Advertisement

Pediatric Nephrology

, Volume 8, Issue 1, pp 81–82 | Cite as

Potter sequence and consanguinity — a case report

  • Björn R. Fischler
  • Ulla B. Berg
Brief Report

Abstract

The first child of first-cousin parents had Potter sequence, including rudimentary, dysplastic kidneys and pulmonary hypoplasia. The girl died after 5 h. During the next pregnancy, early fetal ultrasound was normal. In the 33rd week, however, ultrasound revealed oligohydramniosis and reduced renal size. After 40 weeks of gestation a healthy girl of normal weight without any stigmata was born. Her pulmonary function and X-ray were normal. Renal ultrasound demonstrated small kidneys with high echogenicity. There was a transient renal insufficiency with a peak serum creatinine of 160 μmol/l. At 5 months of age the infant still has an increased serum creatinine concentration of 57 μmol/l and an inulin clearance of 29 ml/min per 1.73 m2. In this case there is a possibility of an autosomal recessive inheritance.

Key words

Potter sequence Renal dysplasia Consanguinity Inheritance 

References

  1. 1.
    Curry CJR, Jensen K, Holland J, Miller L, Hall BD (1984) The Potter sequence: a clinical analysis of 80 cases. Am J Med Genet 19: 679–702PubMedGoogle Scholar
  2. 2.
    Morse RP, Rawnsley E, Crowe HC, Marinpadilla M, Graham JM Jr (1987) Bilateral renal agenesis in three consecutive siblings. Prenat Diagn 7:573–579PubMedGoogle Scholar
  3. 3.
    Potter EL (1946) Bilateral renal agenesis. J Pediatr 29:68–76Google Scholar
  4. 4.
    Carter CO, Evans K, Pescia G (1979) A family study of renal agenesis. J Med Genet 16:176–188PubMedGoogle Scholar
  5. 5.
    Fantel A, Shepard T (1975) Potter sequence — nonrenal features induced by oligoamnios. Am J Dis Child 129:1346–1347PubMedGoogle Scholar
  6. 6.
    Thomas I, Smith D (1974) Oligohydramnios, cause of the nonrenal features of Potter sequence, including pulmonary hypoplasia. J Pediatr 84:811–814PubMedGoogle Scholar
  7. 7.
    DeMeyer W, Baird I (1969) Mortality and skeletal malformations from amniocentesis and oligohydramnios in rats: cleft palate, club-foot, microstomia, adactyly. Teratology 2:33PubMedGoogle Scholar
  8. 8.
    Ferm V, Saxon A (1971) Ainniotic fluid volume in expermentally induced renal agenesis and anencephaly. Experientia 27:1066–1068PubMedGoogle Scholar
  9. 9.
    Rizza JM, Downing SE (1971) Bilateral renal agenesis in two female siblings. Am J Dis Child 121:60–63PubMedGoogle Scholar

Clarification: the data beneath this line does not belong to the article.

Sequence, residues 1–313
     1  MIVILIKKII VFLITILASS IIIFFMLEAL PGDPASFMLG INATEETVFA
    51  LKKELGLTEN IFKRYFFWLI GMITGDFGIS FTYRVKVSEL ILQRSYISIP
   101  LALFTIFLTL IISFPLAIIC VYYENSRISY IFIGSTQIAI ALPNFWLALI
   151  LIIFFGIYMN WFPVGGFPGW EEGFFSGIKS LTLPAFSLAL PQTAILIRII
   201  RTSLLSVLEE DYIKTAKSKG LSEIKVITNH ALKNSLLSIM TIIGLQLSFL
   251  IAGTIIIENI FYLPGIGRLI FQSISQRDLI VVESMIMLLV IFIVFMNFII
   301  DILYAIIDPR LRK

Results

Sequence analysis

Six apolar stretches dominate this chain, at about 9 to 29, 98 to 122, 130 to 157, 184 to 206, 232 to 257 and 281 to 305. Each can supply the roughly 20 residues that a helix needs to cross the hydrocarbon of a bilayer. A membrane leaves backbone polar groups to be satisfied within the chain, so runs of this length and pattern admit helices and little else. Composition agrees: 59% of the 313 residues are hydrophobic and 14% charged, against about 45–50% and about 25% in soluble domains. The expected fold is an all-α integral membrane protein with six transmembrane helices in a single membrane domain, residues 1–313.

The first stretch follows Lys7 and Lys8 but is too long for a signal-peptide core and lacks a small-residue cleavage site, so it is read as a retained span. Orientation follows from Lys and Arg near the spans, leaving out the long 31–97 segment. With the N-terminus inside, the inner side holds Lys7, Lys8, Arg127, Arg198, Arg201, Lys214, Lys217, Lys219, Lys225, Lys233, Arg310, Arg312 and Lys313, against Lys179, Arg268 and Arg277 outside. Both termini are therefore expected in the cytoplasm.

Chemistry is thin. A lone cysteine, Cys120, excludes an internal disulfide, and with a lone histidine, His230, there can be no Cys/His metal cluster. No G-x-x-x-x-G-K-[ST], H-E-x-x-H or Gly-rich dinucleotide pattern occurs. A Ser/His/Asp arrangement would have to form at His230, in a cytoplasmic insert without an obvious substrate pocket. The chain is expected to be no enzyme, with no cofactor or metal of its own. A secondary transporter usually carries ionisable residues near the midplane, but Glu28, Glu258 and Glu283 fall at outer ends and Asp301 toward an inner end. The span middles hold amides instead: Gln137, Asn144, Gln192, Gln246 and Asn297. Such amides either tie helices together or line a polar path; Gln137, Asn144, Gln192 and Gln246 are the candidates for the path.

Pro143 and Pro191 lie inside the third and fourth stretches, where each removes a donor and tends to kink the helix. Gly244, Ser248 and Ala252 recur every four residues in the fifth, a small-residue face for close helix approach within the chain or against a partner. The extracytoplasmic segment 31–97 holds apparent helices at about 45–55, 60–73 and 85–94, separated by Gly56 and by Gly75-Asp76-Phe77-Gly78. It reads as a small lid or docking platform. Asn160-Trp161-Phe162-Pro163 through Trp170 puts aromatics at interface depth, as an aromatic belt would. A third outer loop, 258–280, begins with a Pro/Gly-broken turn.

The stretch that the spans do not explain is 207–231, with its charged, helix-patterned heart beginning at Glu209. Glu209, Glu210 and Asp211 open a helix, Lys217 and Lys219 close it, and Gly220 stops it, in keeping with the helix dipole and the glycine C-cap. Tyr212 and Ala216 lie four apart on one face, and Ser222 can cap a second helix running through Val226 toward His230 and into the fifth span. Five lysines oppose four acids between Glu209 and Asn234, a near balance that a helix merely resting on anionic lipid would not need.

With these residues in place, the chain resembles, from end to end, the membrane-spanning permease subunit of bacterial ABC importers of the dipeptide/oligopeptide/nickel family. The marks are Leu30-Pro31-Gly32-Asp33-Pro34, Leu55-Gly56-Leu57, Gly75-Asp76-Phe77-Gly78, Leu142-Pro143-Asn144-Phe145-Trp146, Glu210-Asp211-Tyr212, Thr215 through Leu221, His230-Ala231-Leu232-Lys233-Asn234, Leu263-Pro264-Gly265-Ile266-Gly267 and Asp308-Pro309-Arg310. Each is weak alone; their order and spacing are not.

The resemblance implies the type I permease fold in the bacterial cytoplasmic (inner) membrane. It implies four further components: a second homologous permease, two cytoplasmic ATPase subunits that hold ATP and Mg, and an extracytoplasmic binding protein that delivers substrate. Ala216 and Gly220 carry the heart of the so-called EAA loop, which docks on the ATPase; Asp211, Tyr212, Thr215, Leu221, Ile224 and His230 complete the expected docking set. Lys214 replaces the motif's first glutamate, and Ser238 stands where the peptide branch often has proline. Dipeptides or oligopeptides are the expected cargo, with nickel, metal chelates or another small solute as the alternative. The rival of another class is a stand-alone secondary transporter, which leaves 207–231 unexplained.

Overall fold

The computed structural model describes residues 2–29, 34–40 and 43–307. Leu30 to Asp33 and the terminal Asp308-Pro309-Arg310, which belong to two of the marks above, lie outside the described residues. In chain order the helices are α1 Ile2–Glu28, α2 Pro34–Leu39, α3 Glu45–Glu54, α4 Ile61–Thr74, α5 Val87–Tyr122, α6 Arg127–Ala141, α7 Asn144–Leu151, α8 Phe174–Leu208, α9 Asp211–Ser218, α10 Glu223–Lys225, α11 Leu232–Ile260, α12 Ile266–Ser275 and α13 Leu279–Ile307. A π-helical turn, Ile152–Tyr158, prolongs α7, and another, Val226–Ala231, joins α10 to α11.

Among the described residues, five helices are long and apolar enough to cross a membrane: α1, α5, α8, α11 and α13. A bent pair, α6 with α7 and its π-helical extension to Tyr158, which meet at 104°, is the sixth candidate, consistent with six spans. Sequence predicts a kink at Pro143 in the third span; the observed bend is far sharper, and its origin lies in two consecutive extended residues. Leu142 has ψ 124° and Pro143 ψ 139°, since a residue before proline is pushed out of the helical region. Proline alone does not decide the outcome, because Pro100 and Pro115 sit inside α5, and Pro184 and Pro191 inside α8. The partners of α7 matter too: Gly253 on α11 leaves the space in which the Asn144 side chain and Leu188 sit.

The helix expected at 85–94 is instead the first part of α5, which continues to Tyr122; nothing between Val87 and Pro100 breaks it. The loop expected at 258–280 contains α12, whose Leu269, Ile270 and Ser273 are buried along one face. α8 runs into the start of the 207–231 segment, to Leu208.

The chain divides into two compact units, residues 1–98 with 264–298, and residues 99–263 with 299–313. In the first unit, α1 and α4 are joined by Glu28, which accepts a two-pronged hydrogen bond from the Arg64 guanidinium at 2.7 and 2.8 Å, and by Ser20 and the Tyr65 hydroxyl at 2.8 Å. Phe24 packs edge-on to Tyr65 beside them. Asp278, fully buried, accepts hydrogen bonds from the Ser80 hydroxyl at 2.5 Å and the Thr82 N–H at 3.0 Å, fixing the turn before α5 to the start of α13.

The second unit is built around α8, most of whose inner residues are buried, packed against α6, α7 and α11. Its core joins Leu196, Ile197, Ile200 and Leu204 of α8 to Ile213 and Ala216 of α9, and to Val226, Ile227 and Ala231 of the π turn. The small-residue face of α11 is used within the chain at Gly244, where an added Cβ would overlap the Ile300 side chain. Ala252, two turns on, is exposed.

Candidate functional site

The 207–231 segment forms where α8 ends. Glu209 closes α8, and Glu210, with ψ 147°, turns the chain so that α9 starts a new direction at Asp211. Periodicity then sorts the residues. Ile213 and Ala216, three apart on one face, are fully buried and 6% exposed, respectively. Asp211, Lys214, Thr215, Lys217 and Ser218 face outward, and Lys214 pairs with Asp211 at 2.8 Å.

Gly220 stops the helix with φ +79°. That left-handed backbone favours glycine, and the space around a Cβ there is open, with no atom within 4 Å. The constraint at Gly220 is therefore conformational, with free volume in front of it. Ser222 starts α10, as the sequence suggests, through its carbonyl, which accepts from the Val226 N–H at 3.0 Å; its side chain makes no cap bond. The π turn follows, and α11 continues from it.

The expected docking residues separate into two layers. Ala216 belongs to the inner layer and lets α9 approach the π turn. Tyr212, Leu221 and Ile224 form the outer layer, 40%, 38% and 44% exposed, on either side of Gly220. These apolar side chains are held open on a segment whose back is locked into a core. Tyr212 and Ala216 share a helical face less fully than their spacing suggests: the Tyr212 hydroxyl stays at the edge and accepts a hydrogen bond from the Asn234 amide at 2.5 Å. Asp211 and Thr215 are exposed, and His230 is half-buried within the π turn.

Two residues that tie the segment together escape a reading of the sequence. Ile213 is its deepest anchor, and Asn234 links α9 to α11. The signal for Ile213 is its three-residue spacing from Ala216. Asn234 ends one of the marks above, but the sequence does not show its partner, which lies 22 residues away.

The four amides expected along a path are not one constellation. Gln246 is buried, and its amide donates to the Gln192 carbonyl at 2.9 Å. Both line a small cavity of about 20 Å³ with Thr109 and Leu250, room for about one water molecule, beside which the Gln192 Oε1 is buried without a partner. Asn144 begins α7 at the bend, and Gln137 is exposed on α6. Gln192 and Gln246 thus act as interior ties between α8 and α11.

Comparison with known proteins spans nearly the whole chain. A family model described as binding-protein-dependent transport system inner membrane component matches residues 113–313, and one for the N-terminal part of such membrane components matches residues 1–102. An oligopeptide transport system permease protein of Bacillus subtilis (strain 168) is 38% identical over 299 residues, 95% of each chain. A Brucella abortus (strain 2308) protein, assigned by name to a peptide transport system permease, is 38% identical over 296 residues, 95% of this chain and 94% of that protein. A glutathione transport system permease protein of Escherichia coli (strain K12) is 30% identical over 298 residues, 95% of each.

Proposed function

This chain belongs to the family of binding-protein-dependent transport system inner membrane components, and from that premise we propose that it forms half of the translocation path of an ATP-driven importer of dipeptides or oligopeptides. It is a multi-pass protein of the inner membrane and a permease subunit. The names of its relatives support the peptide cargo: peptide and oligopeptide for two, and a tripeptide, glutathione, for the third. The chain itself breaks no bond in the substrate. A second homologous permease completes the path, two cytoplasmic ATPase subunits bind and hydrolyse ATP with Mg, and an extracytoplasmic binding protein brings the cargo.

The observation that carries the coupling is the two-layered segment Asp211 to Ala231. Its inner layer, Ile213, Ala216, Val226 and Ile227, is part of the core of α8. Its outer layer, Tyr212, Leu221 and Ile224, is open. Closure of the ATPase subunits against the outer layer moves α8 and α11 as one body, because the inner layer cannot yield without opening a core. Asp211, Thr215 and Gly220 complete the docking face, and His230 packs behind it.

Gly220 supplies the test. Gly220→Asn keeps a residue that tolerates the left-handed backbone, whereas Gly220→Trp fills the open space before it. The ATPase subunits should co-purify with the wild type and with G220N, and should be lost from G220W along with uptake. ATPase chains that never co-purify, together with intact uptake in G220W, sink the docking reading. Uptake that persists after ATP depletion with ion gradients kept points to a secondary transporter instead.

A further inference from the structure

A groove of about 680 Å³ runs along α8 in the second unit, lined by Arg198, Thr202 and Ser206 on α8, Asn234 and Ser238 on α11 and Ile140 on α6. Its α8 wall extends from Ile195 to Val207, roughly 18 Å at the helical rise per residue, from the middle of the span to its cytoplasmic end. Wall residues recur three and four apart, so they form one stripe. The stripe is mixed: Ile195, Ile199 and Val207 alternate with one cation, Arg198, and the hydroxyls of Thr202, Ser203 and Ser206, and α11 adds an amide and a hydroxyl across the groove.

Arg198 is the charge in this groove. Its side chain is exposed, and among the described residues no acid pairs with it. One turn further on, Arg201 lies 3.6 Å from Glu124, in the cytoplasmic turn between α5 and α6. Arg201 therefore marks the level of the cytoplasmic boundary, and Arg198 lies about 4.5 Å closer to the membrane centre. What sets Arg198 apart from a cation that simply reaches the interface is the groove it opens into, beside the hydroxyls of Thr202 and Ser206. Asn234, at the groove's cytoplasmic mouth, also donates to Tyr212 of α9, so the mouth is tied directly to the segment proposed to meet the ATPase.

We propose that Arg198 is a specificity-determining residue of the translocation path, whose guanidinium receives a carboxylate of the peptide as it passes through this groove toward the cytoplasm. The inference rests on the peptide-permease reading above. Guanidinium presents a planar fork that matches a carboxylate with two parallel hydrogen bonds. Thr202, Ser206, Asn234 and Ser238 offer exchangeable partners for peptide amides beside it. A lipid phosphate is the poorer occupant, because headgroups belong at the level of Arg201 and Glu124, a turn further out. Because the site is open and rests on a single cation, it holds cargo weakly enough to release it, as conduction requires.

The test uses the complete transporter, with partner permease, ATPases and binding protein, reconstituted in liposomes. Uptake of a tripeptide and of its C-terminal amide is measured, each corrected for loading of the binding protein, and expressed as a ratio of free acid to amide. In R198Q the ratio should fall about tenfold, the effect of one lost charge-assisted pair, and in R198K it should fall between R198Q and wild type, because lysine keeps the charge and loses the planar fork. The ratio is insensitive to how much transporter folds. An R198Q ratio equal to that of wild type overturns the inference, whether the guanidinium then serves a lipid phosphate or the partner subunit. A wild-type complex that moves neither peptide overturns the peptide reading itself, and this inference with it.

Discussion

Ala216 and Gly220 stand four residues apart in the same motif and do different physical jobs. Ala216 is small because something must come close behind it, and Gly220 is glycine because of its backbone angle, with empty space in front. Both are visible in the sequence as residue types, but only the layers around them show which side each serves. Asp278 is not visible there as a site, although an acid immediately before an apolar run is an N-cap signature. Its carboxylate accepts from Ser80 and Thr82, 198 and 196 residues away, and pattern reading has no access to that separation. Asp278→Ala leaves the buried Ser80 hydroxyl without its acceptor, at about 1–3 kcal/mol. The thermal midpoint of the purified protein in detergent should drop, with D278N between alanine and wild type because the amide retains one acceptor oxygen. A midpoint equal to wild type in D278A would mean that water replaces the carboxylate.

10. 10.
    Hack M, Jaffe J, Blankstein J, Goodman RM, Brish M (1974) Familial aggregation in bilateral renal agenesis. Clin Genet 5:173–177PubMedGoogle Scholar
  11. 11.
    Pashayan HM, Dowd T, Nigro AV (1977) Bilateral absence of the kidneys and ureters. Three cases reported in one family. J Med Genet 14:205–209PubMedGoogle Scholar
  12. 12.
    MacMahon P, Blackie RAS, House MJ, Risdon RA, Crawfurd MA d' (1990) A further family with congenital renal proximal tubular dysgenesis. J Med Genet 27:395–398PubMedGoogle Scholar
  13. 13.
    Allanson JE, Hunter AGW, Mettler GS, Jimenez C (1992) Renal tubular dysgenesis: a not uncommon autosomal recessive syndrome: a review. Am J Med Genet 43:811–814PubMedGoogle Scholar
  14. 14.
    Buchta R, Viseskul C, Gilbert E, Sarto G, Opitz J (1973) Familial bilateral renal agenesis and hereditary renal adysplasia. Z Kinderheilkd 115:111–129PubMedGoogle Scholar
  15. 15.
    Roodhooft AM, Birnholz JC, Holmes LB (1984) Familial nature of congenital absence and severe dysgenesis of both kidneys. N Engl J Med 310:1341–1345PubMedGoogle Scholar
  16. 16.
    Schinzel A, Homberger C, Sigrist T (1978) Bilateral renal agenesis in 2 male sibs born to consanguineous parents. J Med Genet 15: 314–316PubMedGoogle Scholar

Copyright information

© IPNA 1994

Authors and Affiliations

  • Björn R. Fischler
    • 1
  • Ulla B. Berg
    • 1
  1. 1.Department of PaediatricsKarolinska Institute, Huddinge HospitalHuddingeSweden

Personalised recommendations